The shorthand answer is that the age of colonial empires was not a board game where each empire has a a strategy, and there's a way of scoring a winner. Empires -- like everything human -- were complicated with multiple (often conflicting) motivations and multiple (often conflicting) views on how international relations would evolve. Doubtless some colonies ...


16

From the 1928 OED: Grecian: .... 2. One learned in the Greek language; a Greek scholar. [Attestations omitted] b. A boy in the highest class of Christ's Hospital (the Blue-coat school). Blue-Coat: Formerly the dress of servants and the lower orders; hence of almoners and charity children. [Attestations omitted] .... (More fully, Blue-coat boy): A scholar ...


14

Scotland joining England and Wales: The Darien Disaster was an ill-fated attempt to build a roadway across Central America by the Scots. It was backed by most of the Scottish nobility, and its failure nearly bankrupted them. This in turn, nearly bankrupted the Scottish Treasury. This lead to the Union of the Parliaments between Scotland and England in 1707. ...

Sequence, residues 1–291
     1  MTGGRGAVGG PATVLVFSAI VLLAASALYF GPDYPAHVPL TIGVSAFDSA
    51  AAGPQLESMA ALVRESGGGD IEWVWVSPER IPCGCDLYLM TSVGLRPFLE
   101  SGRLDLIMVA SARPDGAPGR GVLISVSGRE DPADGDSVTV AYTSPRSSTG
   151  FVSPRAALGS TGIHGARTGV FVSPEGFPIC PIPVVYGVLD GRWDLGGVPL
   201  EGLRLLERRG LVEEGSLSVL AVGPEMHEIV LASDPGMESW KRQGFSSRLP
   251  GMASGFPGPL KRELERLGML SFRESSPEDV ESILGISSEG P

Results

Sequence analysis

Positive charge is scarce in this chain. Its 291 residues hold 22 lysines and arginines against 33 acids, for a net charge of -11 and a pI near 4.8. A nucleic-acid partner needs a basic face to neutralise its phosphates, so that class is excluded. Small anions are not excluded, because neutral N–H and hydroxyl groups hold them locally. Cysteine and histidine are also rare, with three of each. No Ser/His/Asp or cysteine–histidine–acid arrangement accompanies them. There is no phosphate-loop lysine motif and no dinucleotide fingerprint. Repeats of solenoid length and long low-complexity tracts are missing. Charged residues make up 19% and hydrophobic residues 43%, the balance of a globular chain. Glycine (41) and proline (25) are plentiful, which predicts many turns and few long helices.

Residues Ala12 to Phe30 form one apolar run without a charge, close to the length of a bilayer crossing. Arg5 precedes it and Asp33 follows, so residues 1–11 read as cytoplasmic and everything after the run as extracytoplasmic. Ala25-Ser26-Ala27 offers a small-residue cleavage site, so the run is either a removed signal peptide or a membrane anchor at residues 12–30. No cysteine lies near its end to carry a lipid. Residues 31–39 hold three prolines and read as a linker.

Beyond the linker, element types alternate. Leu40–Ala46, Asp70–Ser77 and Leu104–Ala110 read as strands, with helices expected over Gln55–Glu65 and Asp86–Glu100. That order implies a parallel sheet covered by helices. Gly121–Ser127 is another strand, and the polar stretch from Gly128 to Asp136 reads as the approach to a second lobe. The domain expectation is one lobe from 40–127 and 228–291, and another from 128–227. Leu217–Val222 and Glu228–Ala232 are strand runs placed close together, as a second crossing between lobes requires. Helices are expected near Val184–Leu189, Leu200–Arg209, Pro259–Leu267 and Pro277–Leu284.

14

1: Could there have been young Japanese women in Great Britain in the mid-1600s? This seems extraordinarily unlikely. According to the British Chamber of Commerce in Japan 1600 William Adams, a seaman from Kent, becomes the first Briton to arrive in Japan. 1832 Three sailors from Aichi Prefecture—Otokichi, Kyukichi and Iwakichi—cross the Pacific Ocean from ...


13

The 208th (SP) Field Regiment, Royal Artillery is listed on the Order of Battle for the 59 AGRA (Army Group Royal Artillery) as of May 18, 1945. It's HQ staff departed Liverpool on 28 March, 1945, arriving in Bombay 20 April. The 208th SP does not appear to have been part of 59 AGRA during the latter's post-D-Day role in N.W. Europe. The 130 (Lowland) Field ...


12

The ambassador most likely left Poland for Romania by about noon on Sept. 17, 1939, within a few hours of the Soviet invasion that morning, having already left Warsaw for Kuty in preparation for just such action. From the House of Commons Hansard records for Sept. 20, 1939 - Columns 976-7 (my emphasis): War Situation 3.52 p.m. .... The Prime Minister (Mr....